ERNEST FRANCIS HUMPHREY 1886–1920
Born 1886, December quarter, in Nottingham.
Baptised 26th January 1887, St. John’s Church, Nottingham.
Married 1912 to Myra F. Allen. They had 3 children, George Tyrell born 27th December 1912, Florence born 1917 and Frances born 1920.
Died 5th February 1920, age 33
Commemorated in Nottingham General Cemetery and on Notts. County Asylum Memorial. Not remembered on Radcliffe on Trent War Memorial.
At the time of his baptism, he was living with father Elijah and mother Elizabeth née Tyrrell at 16 Queen’s Road, Nottingham.
Age 14 employed as an errand lad for a stone yard and living with father Elijah 46 a railway policeman, mother Elizabeth 46, brothers John W. 23, George 17, and sisters Edith 21, Florence 20, Kate 11 and Gertrude 9. They lived at 111 Kirkwhite Street, Nottingham.
Age 24 employed as a stonemason and living at Fort Monkton, Alverstoke, Gosport. Serving with the 42nd Company of Royal Engineers.
He later took employment at Notts. County Asylum (Saxondale) and is listed in their records as an attendant who served in the Armed Forces with the Royal Engineers. He is also reported as wounded in their records.
Service Number: 17671
Military Unit: Royal Engineers, 7th Field Company, 4th Division
Theatre of War: France and Flanders, date of entry 23.8.14
Medals Awarded: 1914 Star with Clasp, British War and Victory
Ernest Humphrey died in Nottingham General Hospital on 5th February 1920 and was buried in Nottingham General Cemetery. CWGC headstone: ‘17671 Corporal E F Humphrey Royal Engineers 5th February 1920 age 33’. Son of Elijah and the late Elizabeth Humphrey, husband of Myra F Humphrey of 73 Annesley Street, Nottingham. Address at time of death was 111 Kirkewhite Street, The Meadows.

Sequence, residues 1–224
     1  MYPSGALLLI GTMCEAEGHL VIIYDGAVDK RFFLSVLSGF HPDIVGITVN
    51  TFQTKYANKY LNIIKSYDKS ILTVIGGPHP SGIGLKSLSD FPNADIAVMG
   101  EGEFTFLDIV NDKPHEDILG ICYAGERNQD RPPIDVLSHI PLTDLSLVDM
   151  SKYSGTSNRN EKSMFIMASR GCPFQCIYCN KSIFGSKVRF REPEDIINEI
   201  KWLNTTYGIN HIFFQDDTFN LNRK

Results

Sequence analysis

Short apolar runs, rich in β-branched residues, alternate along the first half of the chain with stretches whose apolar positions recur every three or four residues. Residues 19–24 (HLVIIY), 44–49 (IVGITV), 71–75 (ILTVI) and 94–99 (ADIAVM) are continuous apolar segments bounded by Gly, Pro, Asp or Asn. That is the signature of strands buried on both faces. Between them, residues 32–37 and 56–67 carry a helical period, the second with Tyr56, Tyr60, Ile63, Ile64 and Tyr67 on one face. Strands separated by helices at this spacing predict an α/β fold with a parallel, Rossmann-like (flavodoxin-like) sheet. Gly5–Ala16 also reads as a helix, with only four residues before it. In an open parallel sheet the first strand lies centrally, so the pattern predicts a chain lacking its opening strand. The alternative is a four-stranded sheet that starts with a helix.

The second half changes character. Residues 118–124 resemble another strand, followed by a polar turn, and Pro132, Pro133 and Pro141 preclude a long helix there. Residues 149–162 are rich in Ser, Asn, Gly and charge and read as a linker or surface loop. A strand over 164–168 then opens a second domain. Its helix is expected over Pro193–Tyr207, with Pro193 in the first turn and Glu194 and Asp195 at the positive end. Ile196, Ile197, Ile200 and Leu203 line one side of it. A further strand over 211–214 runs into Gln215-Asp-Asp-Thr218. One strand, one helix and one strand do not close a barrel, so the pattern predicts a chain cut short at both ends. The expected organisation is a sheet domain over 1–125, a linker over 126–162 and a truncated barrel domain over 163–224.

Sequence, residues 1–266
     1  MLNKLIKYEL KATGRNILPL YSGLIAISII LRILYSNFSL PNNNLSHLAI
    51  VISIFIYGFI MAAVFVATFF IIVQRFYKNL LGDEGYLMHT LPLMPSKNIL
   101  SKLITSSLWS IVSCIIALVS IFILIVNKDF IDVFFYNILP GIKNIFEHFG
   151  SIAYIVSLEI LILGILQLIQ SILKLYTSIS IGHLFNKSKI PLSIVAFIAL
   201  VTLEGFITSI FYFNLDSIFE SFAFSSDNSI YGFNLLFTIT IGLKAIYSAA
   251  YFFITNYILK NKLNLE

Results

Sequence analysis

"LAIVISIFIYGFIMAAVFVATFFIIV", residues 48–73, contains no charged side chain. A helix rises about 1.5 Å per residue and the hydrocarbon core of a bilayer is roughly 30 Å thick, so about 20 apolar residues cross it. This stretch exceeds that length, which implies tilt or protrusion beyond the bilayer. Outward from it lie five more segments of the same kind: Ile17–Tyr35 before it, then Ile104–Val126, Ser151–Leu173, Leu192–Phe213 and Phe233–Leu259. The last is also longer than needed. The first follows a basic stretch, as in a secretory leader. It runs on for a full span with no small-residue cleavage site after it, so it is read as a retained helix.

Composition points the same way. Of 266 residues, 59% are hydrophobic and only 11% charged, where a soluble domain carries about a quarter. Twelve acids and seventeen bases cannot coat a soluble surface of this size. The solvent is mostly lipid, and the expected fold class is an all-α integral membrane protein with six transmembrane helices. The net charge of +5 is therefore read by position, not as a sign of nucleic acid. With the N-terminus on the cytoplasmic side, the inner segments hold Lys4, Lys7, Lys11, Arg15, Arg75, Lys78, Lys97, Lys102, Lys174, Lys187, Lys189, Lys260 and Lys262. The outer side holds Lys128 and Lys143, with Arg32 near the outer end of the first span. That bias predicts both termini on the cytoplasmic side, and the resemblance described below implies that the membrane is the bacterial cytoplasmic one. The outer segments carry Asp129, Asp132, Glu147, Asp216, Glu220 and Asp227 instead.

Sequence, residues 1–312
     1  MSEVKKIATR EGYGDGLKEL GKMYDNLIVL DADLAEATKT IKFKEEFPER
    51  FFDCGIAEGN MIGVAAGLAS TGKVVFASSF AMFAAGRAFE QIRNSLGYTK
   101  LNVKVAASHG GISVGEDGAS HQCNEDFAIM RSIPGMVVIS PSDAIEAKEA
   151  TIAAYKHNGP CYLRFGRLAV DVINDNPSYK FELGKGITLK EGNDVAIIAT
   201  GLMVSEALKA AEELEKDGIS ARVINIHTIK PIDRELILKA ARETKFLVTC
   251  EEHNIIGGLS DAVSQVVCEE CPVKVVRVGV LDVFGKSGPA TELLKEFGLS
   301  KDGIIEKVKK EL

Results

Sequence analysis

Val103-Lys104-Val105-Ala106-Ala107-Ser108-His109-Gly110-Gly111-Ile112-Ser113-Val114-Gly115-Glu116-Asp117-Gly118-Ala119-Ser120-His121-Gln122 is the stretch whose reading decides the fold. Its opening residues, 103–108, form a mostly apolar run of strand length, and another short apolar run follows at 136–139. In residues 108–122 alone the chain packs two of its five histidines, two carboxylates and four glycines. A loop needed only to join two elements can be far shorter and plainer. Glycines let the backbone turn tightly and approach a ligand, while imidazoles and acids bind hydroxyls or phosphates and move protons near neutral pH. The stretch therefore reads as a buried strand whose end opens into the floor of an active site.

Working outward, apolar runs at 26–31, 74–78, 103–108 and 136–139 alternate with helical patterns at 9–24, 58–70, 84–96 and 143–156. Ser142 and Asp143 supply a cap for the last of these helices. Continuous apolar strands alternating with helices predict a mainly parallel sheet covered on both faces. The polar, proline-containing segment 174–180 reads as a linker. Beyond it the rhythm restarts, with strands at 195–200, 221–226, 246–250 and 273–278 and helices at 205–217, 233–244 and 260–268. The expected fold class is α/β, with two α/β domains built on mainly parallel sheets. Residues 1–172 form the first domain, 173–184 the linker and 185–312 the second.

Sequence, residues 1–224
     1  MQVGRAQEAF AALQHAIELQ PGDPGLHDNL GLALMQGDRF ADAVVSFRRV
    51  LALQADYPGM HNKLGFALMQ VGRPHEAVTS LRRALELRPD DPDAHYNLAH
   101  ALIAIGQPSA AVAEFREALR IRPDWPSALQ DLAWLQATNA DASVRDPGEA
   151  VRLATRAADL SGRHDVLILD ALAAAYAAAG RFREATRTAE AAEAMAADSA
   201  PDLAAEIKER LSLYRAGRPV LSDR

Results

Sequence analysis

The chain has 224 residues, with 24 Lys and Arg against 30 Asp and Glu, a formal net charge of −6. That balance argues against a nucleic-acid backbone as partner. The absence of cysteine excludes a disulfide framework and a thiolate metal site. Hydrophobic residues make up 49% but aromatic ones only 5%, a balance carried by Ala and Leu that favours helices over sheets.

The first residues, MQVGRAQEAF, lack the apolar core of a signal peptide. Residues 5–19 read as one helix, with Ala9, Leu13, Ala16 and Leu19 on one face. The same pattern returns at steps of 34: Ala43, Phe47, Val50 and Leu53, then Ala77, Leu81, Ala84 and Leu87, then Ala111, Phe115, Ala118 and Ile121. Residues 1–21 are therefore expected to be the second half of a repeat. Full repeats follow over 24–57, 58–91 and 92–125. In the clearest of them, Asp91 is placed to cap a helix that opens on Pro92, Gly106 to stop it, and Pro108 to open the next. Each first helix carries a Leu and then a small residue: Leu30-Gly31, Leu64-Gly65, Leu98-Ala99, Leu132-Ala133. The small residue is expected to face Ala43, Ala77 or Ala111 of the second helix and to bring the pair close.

“7th Field Company, The Royal Engineers served with 4th Division. 4th Division was held back from the original British Expeditionary Force by a last minute decision to defend England against a possible German landing. The fate of the BEF in France and the lack of any move by the Enemy to cross the channel, reversed this decision and they proceeded to France in late August. They were in action at the The Battle of the Marne, The Battle of the Aisne and at The Battle of Messines in 1914. In April 1915 they transferred to 50th Division. In 1916 they fought on the Somme at The Battle of Flers-Courcelette, The Battle of Morval and The Battle of the Transloy Ridges. Between the 17th of October 1916 and the 29th of January 1917 they were attached to British III Corps, engaged in Light Railway Work on the Somme. They rejoined 50th Division at Albert. In 1917 they were in action at Arras during The First Battle of the Scarpe, The Capture of Wancourt Ridge and The Second Battle of the Scarpe before moving north for the Third Battle of Ypres. In 1918 they fought on the Somme, in the Battles of the Lys and The Battle of the Aisne, leaving the troops exhausted. The original infantry units were withdrawn and others arrived to take their place. The reformed Divison went back into action in October in the Battles of the Hindenburg Line, The pursuit to the Selle and the Final Advance in Picardy. At the Armistice the 50th Division was resting at Solre le Chateau.”
Myra married William Smith in 1928 and had another daughter, Joyce. Ernest and Myra’s eldest son George was a prisoner of war in WW2 in Stalag IVA. He was posted as missing in June 1942 in Libya while serving with 277 Battery, 68 Heavy Anti-Aircraft, Royal Artillery. He returned home in May 1945 according to an article in the Nottingham Evening Post. Myra died 1957.
‘Humphrey. On the 5th inst. at the General Hospital, Ernest F. the dearly loved husband of Myra Humphrey and beloved youngest son of Elijah and the late Elizabeth Humphrey, of 111 Kirke White-street, Nottingham. Peace after pain.’ From the Nottingham Evening Post, 6th February 1920
Reasons for inclusion on Radcliffe on Trent Roll of Honour
Worked in the parish of Radcliffe on Trent at Notts. County Asylum.
Nottingham General Cemetery